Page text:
10. Europeans will (for the most part) still be able to afford to buy grain and grain products. It’s people who live in poorer countries who are likely to get hit hardest by rising global food prices.

  11. Ukrainian farmers have my respect just as highly as Ukrainian soldiers. God bless you all and keep you through the hard times ahead.

  12. When you hurt someone then something bad definitely knocked on your door too 😔 Fighting for sugar is better than fighting for your Life 🙏🏻🙏🏻

    1. The point is that when people are fighting for food in the supermarket, they tend to get rid of the leaders who caused the situation–like Putin. Don’t you want the war to end in Ukraine? Or do you want the Ukrainians to have to keep fighting for their lives?

  13. The pure idiocy of this war in these times when our species has enough to worry about with pandemics and global warming just disgusts me. I hope Vladolph Putler gets what’s coming to him on behalf of the people of Ukraine, the free world, and the human species as a whole not to mention the ecosystems forever destroyed because of ONE MAN’s insecurities. Slava Ukraine 🇺🇦

    1. Not saying you are wrong, but usually Slava Ukraine is associated with Nazi’s in Ukraine, who collaborated with Nazi Germany.

    2. @Baxa KK This is Ukrainian nationalistic salute, that predates nazism. You are right that salutes like this can have different connotations for different people. But simply stating that Slava Ukraini is associated with nazi’s in Ukraine is not the full truth. It has been used by diverse groups in Ukraine and abroad, but the phrase was illegal in the Soviet Union. For people who don’t know, the phrase simply means ‘glory to Ukraine’. Soviet union and Russian writers have been trying to discredit the phrase for decades.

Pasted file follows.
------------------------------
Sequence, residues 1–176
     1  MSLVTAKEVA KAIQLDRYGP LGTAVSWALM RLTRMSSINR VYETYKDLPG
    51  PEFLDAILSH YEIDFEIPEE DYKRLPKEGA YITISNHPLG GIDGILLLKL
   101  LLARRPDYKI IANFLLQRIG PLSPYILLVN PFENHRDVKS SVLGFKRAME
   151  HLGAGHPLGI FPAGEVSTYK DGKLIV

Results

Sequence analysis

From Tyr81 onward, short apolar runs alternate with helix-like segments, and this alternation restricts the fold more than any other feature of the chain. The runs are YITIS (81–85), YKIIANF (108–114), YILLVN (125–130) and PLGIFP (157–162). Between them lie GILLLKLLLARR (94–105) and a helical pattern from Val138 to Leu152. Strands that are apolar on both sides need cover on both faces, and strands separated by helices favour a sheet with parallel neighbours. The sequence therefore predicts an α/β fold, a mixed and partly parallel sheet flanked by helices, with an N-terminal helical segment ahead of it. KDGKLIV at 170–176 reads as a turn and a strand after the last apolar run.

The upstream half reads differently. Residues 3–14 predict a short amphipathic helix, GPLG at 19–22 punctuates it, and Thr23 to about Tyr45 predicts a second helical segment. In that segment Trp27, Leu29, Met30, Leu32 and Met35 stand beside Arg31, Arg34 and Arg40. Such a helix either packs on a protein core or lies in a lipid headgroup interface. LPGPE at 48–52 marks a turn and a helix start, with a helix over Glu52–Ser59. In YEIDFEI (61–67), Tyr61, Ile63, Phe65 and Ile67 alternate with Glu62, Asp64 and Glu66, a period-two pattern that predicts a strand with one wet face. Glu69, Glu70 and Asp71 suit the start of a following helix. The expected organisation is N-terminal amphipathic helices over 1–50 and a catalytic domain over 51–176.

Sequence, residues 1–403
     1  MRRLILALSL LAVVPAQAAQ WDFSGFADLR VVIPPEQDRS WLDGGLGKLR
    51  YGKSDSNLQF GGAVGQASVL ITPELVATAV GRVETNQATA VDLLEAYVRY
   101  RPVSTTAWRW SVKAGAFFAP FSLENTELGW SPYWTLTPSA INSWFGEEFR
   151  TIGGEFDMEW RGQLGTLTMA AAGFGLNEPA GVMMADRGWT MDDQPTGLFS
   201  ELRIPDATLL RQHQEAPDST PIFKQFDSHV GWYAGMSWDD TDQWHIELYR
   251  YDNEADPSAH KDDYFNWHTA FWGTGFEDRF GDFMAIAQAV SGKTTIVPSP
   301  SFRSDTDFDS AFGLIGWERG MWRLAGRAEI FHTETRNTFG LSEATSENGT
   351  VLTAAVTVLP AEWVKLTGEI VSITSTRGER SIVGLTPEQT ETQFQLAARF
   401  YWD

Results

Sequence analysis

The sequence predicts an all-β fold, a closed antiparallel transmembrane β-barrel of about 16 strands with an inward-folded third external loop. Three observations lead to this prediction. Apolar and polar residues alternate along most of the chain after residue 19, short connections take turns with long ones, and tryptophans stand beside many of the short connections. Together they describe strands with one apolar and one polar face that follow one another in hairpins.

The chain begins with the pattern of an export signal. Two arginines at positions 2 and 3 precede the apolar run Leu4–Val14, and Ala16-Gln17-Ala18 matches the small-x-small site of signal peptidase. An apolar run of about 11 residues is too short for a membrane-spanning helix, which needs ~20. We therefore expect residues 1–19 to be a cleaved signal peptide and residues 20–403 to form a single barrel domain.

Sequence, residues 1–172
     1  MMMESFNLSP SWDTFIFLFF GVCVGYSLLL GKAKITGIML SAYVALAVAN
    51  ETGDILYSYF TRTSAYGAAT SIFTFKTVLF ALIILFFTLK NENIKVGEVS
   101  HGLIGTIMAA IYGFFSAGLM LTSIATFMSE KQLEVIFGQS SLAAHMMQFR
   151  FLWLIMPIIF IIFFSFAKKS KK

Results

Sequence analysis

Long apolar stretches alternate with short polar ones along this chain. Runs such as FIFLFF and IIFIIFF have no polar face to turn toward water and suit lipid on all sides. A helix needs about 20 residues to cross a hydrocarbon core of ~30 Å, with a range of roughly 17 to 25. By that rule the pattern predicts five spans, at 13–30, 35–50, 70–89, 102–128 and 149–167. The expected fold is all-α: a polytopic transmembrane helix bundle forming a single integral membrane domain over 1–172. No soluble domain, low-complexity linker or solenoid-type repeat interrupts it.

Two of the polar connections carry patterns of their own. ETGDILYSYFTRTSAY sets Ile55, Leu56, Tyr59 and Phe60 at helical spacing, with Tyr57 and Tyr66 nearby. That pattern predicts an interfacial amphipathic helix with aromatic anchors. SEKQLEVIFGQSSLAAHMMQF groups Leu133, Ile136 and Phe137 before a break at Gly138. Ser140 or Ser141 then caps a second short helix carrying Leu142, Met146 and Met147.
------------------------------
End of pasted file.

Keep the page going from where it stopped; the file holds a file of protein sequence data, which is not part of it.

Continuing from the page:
I’m not really surprised that nationalists, be it any kind of patriot or even a nazi, might use phrases that have heavy nationalistic connotations. Every nationalist is not a nazi, and nazi historically has been more expansionist and imperialist than nationalist.

  14. “It’s hard to know how many support it and how many don’t”

    Yeah, it’s more than a little tricky to get accurate poll numbers when answering “no” to the survey can get people 15 years in prison.

    1. you don’t see too many people go out to the streets, that means they probably support it or don’t care

    2. @Osher Vaknin or the fact that nobody wants to die in a Gulag.

      Russia is a Big Country. Even in Isolated communities don’t even know what is happening.

    3. I feel like pootin has too much power because at the end of the day people let him do as he please/support him. I don’t buy it that 144.1+ million people are being controlled by a single small entity

  15. Respect to the farmers who are risking their lives to try and keep growing so they can still feed the people, they deserve credit as well…my heart, thoughts and prayers go out to all these innocent people being thrown into this stupid war.

  16. Hopefully other grain producers can make up some of the shortfall, and other grains can substitute for wheat in North Africa and surrounding Mediterranean countries. The ripple effects of the conflict are enormous, but the future of humanity is at stake right now in Ukraine. 🗽🇺🇦🌎🌍🌏

    1. This comment should have the most likes. It’s the most common sense response. This war will impact millions and millions who barely make it on what was available last year.

    2. No shortage of grain, the main grain baskets of the world are in North America and Europe. Exports of wheat were from Ukraine and Russia because it is cheaper. There are enough grain to feed 100 billion people.

  17. Nobody wins in war. Especially in a war being fought by a dictator who has never cared about his own people. The people of Ukraine have my heart, but so do the people of Russia who will only know suffering due to this war… weather or not they believe the propaganda being spoon fed to them is really irrelevant.